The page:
Musicians across time have created special music to celebrate the Season of Peace.  They transport us from our busy lives and stir up memories and emotions that collapse time and space.  Music is like an index system to the times of our lives.  A song can take us to a moment in time where we remember what we were wearing, the scent of a flower or tree, every detail and somehow all of that is encapsulated in a single song.  Krista will treat us to some of the most gorgeous music of the Season of Peace—from Chestnuts Roasting to Gabriel’s Oboe.  Come join us.
February 23, 2020, 2:00 PM Central Park Complex Parlor
Kind of Blue: Davis, Evans, and Debussy
A musical composition is a sound painting.  In “Kind of Blue,” we will learn how both classical and jazz composers work their magic with tonal colors, movement, and light.  “I love music passionately, and because I love it, I try to free it from barren traditions that stifle it.  It is a free art gushing forth, an open-air art, boundless as the elements, the wind, the sky, the sea. It must never be shut in and become an academic art,” Claude Debussy.
March 29, 2020 Central Park Complex Parlor
Gershwin’s Americanization of European Music
Classical music is European in origin. Around the turn of the century, European immigrants fertilized American popular and symphonic music. In 1924, George Gershwin brought jazz into the concert hall with Rhapsody in Blue.  At the same time, Aaron Copland, Darius Milhaud, and the classical modernists were hybridizing their compositions with elements of jazz.  Krista will paint a picture of the Americanization of European music with sounds from Gershwin to Bernstein.
April 26, 2020, 2:00 PM Central Park Complex Parlor
Nights in the Gardens of Sound: Exotic Influences in Jazz
“At first glance, George Gershwin and Maurice Ravel might seem to occupy two different musical worlds, yet they both shared a passion for jazz,” said Louise Burton, Classical Lite.  In 1928, Ravel toured America.  The jazz clubs of Harlem would leave a lasting impression on him and his music.  Ravel urged Americans to take jazz seriously:  “Personally, I find jazz most interesting:  The rhythms, the way the melodies are handled.  I have heard some of George Gershwin’s works and find them most intriguing.” Join us as we step into this time in America. Hear the fascinating stories and incredible music of some of the giants of classical music and jazz who inspired one another in ways that changed the musical landscape forever.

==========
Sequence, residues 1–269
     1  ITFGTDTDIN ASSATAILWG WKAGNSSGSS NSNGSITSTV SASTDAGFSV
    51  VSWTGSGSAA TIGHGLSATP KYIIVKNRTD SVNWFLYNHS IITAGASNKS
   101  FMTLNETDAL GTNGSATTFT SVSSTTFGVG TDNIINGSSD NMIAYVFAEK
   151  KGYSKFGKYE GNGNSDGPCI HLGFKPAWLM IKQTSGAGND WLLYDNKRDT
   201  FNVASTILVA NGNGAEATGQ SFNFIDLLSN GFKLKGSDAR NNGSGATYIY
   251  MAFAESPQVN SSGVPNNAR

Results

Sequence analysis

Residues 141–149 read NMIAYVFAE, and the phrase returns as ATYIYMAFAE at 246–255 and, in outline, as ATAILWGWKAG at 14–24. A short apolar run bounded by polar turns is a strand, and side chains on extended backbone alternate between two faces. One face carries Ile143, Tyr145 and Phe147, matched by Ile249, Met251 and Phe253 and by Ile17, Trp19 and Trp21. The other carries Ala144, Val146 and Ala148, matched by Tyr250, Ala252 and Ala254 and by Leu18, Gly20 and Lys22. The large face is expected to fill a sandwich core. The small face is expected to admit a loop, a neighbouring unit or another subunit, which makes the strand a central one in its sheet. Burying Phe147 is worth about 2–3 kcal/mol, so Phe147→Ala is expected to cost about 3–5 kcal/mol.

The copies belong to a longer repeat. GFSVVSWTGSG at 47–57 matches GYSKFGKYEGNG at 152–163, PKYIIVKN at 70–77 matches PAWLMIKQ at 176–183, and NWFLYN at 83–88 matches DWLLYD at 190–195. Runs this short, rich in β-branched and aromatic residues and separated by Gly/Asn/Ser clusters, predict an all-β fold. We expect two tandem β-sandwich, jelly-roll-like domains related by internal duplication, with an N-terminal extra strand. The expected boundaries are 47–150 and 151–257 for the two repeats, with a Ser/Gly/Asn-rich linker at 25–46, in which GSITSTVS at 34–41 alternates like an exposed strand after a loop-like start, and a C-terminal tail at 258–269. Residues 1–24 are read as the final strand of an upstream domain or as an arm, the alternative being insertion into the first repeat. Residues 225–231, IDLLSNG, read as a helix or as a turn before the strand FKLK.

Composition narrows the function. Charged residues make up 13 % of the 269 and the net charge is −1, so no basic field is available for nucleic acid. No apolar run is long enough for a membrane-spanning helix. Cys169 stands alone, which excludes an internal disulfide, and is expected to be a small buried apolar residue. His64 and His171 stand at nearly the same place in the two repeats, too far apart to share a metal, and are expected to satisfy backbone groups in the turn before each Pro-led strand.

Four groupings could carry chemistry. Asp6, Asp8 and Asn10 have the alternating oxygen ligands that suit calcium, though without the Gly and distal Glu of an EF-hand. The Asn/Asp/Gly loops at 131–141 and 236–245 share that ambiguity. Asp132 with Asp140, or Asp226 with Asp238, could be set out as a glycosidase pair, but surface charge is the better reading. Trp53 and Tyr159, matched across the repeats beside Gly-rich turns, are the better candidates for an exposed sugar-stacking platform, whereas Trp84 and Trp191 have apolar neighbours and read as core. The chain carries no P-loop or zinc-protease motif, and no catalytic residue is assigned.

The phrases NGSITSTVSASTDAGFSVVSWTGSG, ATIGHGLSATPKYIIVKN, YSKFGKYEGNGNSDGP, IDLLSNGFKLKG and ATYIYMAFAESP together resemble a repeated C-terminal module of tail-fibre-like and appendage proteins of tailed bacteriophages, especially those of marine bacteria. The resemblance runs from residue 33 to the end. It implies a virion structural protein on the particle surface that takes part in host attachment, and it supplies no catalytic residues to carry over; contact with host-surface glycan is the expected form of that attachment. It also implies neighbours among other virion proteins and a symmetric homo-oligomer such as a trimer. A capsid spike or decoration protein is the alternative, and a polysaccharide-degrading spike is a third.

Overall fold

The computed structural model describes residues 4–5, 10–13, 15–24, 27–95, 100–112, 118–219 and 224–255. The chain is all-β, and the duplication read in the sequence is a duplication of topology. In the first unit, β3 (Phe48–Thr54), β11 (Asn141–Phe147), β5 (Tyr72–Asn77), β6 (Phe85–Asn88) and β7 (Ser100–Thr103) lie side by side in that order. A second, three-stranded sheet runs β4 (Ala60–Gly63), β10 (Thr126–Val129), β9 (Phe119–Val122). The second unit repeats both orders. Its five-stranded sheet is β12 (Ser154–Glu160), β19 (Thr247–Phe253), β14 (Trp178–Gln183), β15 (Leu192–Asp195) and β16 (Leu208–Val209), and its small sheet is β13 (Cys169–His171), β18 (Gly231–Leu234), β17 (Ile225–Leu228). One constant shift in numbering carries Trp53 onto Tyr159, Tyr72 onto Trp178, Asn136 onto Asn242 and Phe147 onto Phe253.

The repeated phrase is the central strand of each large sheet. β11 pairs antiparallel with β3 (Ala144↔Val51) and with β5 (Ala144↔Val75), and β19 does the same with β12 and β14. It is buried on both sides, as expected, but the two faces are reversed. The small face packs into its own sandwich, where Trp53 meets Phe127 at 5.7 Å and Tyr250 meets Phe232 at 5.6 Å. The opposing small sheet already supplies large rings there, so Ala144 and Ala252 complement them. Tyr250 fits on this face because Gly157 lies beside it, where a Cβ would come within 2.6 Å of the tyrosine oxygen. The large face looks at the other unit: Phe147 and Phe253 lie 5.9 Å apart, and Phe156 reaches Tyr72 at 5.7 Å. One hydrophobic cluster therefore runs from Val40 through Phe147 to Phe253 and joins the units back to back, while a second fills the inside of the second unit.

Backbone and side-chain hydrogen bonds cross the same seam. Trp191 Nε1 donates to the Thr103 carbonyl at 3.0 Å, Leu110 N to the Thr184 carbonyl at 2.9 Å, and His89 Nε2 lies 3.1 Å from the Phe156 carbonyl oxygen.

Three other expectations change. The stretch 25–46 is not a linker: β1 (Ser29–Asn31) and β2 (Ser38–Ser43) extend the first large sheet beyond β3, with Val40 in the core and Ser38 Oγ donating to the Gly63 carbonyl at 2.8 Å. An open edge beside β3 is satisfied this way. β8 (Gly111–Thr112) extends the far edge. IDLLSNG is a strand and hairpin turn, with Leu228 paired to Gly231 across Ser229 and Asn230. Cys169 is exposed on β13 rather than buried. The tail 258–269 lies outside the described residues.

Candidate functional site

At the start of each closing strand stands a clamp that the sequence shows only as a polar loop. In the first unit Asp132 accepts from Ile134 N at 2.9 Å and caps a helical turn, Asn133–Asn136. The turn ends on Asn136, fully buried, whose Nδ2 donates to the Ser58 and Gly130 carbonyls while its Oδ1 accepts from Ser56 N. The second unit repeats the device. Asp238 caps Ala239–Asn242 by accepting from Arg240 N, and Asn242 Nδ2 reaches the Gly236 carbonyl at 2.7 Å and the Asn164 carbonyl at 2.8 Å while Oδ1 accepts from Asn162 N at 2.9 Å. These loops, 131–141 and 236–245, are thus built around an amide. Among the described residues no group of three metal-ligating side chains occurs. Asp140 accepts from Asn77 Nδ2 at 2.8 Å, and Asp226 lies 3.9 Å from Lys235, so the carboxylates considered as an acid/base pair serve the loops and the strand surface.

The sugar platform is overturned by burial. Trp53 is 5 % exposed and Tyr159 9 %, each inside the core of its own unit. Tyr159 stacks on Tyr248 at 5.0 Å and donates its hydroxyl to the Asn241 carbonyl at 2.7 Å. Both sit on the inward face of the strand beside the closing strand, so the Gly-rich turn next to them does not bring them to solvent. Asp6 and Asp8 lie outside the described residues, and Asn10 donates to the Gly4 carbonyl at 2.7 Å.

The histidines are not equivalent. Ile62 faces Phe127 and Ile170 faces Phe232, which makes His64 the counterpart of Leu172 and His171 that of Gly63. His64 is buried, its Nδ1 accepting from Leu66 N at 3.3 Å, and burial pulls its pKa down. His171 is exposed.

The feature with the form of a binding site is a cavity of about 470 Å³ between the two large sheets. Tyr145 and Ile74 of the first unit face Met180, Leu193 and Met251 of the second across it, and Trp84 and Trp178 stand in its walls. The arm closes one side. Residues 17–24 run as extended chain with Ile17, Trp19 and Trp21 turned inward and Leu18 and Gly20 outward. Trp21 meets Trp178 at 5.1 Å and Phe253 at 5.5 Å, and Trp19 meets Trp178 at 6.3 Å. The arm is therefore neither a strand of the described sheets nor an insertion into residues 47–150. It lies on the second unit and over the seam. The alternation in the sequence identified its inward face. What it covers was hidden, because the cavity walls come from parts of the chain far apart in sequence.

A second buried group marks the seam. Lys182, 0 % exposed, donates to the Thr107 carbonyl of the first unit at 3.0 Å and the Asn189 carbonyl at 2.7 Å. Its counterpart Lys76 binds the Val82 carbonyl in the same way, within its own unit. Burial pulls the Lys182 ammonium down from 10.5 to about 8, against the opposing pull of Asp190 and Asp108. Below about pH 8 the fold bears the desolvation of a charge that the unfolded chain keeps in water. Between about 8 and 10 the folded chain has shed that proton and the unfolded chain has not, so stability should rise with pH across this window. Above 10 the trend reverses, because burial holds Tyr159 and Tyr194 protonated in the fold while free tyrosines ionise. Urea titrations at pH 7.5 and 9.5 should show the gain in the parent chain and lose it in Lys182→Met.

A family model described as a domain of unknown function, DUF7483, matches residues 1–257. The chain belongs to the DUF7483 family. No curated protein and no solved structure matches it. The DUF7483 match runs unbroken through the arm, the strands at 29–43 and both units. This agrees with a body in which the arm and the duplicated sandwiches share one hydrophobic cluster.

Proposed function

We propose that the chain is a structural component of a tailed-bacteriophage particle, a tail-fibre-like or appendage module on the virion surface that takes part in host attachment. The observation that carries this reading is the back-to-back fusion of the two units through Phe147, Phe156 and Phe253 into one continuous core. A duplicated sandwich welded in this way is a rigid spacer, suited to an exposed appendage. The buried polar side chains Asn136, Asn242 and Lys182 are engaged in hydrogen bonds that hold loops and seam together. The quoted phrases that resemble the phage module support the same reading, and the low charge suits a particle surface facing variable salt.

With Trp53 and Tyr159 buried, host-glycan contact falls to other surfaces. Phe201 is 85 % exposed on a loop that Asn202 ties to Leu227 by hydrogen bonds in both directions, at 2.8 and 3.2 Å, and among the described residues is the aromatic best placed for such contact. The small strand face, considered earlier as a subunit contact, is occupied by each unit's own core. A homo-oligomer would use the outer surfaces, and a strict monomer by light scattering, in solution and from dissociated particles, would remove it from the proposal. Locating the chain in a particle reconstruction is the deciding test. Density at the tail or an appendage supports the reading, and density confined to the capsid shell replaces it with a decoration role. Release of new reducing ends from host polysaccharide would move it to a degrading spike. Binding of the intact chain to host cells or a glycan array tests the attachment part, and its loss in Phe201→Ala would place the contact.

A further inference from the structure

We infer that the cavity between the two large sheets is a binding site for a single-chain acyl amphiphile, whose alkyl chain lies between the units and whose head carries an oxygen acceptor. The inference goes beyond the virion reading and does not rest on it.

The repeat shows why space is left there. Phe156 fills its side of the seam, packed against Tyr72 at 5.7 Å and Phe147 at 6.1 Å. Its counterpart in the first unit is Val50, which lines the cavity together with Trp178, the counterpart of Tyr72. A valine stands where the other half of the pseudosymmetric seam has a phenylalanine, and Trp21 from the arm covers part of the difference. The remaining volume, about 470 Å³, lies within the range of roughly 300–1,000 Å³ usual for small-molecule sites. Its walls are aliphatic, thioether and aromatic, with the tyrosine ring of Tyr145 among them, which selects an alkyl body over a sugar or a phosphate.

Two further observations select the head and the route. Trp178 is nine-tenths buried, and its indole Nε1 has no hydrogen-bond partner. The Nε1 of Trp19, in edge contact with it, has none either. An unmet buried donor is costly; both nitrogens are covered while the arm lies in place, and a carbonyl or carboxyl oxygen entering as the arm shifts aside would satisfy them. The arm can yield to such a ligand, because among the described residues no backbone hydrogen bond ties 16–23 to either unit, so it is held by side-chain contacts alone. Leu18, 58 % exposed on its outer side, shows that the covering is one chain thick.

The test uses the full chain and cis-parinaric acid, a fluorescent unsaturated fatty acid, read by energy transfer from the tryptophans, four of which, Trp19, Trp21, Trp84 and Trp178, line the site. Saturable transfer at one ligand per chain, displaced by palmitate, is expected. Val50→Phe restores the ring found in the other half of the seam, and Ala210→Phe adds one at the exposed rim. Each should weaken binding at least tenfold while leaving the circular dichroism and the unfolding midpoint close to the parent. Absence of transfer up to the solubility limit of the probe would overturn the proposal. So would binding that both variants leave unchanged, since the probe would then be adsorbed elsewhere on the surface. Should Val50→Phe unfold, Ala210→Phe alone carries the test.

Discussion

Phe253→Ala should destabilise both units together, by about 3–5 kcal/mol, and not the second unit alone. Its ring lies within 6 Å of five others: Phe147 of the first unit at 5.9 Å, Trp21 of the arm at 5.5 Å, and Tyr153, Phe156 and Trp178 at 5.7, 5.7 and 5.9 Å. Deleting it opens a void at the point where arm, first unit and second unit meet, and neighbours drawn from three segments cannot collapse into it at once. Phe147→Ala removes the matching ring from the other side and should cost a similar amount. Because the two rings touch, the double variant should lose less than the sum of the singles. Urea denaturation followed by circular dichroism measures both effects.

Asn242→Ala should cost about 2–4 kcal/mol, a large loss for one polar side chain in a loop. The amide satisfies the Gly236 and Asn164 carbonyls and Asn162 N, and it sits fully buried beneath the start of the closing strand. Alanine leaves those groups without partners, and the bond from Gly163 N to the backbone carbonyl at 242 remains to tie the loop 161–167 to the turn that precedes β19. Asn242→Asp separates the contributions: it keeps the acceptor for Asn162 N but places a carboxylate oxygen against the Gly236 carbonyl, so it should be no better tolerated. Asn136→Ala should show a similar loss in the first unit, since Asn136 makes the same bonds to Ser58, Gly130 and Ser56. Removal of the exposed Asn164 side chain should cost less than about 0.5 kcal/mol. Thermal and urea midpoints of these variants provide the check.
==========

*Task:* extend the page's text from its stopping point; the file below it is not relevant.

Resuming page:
May 31, 2020, 2:00 PM Central Park Complex Parlor
The State Department Tours: Jazz & Diplomacy
“America’s secret weapon is a blue note in a minor key,” proclaimed the New York Times in 1956.  The Jazz Ambassadors Program, also known as the State Department Tours, started out as an experiment in cultural diplomacy at the height of the Cold War era.  Jazz was a symbol of freedom and democracy.  The USA sent musicians like Duke Ellington and Dave Brubeck behind the Iron Curtain.  In Poland, audiences were used to Soviet-approved cultures like ballet and opera.  After the Soviet takeover following World War II, Jazz was forbidden from the airwaves. Brubeck’s performances were the first opportunity for Pols to hear jazz played live.  Come and hear the stories of these remarkable ambassadors and the music that represented the American dream.

Details

Date:
Sunday, November 10
Time:
2:00 pm - 3:30 pm
Cost:
$30 – $35
Website:
https://www.centralparkcomplex.com/steinway-sundays.html

Venue

Central Park United Methodist Church
216 Beard Avenue
Buffalo, NY 14214 United States